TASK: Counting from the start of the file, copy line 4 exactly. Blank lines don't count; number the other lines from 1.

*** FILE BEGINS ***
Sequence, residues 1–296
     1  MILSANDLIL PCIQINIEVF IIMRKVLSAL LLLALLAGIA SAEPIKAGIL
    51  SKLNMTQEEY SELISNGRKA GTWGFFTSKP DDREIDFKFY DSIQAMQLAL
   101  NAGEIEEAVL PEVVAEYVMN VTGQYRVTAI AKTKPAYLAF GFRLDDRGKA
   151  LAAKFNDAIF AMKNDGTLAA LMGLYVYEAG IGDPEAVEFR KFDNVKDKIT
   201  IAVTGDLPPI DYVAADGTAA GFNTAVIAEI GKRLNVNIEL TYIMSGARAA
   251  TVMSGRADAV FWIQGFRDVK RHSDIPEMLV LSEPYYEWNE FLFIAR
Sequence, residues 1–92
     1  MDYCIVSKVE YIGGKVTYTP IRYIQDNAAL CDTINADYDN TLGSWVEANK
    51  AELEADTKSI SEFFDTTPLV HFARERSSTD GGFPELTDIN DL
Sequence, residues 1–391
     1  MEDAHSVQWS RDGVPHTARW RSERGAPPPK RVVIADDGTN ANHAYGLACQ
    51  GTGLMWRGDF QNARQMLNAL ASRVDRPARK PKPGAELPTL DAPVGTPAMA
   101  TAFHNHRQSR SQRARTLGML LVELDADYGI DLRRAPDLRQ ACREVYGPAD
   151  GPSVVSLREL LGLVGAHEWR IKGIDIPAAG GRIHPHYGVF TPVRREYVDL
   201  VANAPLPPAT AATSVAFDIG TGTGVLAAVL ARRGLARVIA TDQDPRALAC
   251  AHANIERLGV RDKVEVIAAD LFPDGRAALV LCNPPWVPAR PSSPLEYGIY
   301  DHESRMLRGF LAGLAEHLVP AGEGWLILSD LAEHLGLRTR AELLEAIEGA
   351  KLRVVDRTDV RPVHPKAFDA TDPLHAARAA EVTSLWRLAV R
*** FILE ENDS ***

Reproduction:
   101  NAGEIEEAVL PEVVAEYVMN VTGQYRVTAI AKTKPAYLAF GFRLDDRGKA